Medicare is the principle payer for San Diego home health care/skilled nursing services. These services are available under parts A and B. In order to qualify, a person must have a skilled need, must be homebound and there must be a plan of care ordered by a Physician. Monies are typically provided for a period of up to 60 days. If the patient recovers sooner, then money may have to be reshuffled to other patients who are not responding as well. At the point where the patient does not respond or improve, no more Medicare money is forthcoming. After Medicare cuts off, a person continuing to need long-term care services must find sources other than Medicare.
For more information on how Medicare works with your specific case, you may contact HICAP, the Health Insurance Counseling and Advocacy Program. They give FREE Medicare and health insurance counseling here in San Diego through the California Department of Aging. For an appointment, call (800) 434-0222. There are also free legal services for senior citizens through the same program. This is very helpful if you have questions about powers of attorney and estate planning. For an appointment, call the metro office at (858) 565-1392.
The plan of care ordered by the Physician usually includes limited custodial care (non-medical home care) services to help the care recipient remain in the home. These would include a home health aide for an hour or two a day to help with ADLs (activities of daily living); bathing, dressing, toileting and transferring. If additional hours are needed for areas such as safety supervision, incontinent care or medication reminders, professional caregivers from a San Diego home care (distinct from health care) agency, are used.
(Source: San Diego Home Health Care Resource)
The sweet melodies pierce through the viscous muck of depression that clings in the early hours of the day. Not Walker Percy’s “morning terrors,” which sounds dramatic and even fun in a weird, sick way. Depression isn’t even the right word -‑ this feeling isn’t even that well formed. It’s more of a low‑key emptiness with a definite edge.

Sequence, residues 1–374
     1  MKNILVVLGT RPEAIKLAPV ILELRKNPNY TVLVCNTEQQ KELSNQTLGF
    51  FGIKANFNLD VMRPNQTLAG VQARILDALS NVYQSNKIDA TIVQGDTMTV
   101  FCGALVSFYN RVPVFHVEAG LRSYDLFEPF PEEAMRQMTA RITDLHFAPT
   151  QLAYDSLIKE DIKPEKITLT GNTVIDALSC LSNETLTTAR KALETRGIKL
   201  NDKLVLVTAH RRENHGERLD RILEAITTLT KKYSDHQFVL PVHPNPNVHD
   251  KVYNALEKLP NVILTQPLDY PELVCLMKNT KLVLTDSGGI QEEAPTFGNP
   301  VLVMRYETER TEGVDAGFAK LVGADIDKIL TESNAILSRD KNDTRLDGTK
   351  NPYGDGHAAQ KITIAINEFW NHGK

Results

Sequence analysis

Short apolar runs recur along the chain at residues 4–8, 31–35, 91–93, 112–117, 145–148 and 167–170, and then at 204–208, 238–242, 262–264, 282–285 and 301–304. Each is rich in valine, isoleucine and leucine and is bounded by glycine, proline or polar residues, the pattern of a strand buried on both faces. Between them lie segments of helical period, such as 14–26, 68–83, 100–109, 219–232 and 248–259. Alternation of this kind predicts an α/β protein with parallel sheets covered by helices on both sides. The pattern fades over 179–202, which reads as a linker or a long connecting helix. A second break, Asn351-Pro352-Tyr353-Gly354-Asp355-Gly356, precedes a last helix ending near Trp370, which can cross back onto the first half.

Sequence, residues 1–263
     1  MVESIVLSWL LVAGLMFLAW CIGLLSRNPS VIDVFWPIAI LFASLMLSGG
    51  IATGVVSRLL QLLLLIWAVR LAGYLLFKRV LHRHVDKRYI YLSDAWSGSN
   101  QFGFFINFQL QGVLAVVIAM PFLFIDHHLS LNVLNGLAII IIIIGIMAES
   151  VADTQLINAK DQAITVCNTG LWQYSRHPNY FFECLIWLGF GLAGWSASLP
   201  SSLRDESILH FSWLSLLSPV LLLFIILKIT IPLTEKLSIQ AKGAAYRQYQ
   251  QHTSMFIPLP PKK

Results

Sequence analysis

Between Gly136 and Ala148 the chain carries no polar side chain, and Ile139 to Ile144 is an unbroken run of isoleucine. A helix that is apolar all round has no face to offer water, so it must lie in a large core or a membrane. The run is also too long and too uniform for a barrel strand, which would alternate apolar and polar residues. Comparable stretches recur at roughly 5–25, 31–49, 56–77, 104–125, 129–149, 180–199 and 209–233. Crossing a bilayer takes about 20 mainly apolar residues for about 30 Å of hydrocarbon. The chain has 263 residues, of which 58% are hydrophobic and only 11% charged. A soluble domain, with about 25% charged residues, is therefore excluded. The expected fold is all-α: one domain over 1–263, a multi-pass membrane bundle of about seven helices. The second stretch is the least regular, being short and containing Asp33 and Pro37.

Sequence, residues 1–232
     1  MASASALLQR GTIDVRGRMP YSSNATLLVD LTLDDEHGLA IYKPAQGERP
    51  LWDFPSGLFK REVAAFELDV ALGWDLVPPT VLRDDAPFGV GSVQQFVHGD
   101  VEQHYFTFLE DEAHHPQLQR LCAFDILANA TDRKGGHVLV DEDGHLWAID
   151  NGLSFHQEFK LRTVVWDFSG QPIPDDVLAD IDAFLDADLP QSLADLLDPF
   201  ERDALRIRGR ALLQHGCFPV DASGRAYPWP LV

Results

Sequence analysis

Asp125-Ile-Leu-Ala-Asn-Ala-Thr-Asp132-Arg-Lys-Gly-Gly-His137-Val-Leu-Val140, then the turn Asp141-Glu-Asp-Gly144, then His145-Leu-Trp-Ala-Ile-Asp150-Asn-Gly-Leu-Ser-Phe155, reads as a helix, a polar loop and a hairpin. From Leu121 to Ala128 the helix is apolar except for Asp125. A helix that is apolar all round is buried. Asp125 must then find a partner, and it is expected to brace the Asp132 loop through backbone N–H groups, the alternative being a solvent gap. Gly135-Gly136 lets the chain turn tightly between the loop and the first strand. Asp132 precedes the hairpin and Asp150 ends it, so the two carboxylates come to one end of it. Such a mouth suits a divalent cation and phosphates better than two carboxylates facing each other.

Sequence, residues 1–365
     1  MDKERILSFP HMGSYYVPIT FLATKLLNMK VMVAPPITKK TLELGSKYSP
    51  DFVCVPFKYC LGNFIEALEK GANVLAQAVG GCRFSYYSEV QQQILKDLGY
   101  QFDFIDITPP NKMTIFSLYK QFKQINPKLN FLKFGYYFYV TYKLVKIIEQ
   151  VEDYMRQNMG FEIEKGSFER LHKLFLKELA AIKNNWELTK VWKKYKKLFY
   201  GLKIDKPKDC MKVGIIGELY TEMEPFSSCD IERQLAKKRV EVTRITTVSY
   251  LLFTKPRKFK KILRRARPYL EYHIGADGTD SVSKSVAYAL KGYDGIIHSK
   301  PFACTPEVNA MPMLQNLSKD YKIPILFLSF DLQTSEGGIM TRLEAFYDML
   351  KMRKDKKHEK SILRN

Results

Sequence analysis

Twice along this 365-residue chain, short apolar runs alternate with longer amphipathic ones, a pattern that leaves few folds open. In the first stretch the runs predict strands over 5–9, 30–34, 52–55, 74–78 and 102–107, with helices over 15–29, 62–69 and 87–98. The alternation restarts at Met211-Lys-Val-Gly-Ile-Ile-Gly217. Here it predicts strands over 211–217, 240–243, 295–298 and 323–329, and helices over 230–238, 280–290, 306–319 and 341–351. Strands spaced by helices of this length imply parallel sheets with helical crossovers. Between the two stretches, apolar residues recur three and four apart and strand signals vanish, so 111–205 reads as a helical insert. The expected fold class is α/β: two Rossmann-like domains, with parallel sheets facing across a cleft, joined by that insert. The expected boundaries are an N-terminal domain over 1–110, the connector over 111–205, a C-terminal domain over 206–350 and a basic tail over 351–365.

Some would call it “dysthymia,” I suppose, but whatever you call it, I know it gets worse for the elderly.
I wonder how much of this strange malaise has to do with aging, because there is no particular reason for this uncomfortable psychic sediment. So I chalk it up to slow physical and mental deterioration.
Now there’s a cheery thought, isn’t it? My black Irish’s acting up. No doubt the biochemical oppression gets worse as you get older. If it’s overwhelming for middle‑aged people who are simply weary of the struggle, imagine how difficult it must be to be old and alone and stuck in a nursing home.
The air is stale, maybe moldy, and never carries the sacrament of natural sound. No bird song or crickets. No smells of the wild world wafting in through an open window: sage, rosemary, fresh rain. The pungent smells of life in the raw.
Only the sound of call bells ringing in the halls, other residents yelling, moaning, crying. Even while roaming the lavender hills of dreamland, those sounds will find them and remind them of where they are.
At least I can rouse myself, go get coffee, and shake it off like a wet dog in a dry place, but they cannot.
There are many in these places who are so sick that they no longer care for the titters of sparrows or the trill of a thrush, but the majority of our elders who populate “skilled nursing facilities” suffer most from a sense of being lost, an inexpressible fatigue, and a corrosive sorrow that aches much more than arthritis. For them, the sights, smells, and sounds of the natural world are a balm to fragile souls on the edge of giving up. A balm that planners of homes for future aging children need to take into account. San Diego elder care planners listen up!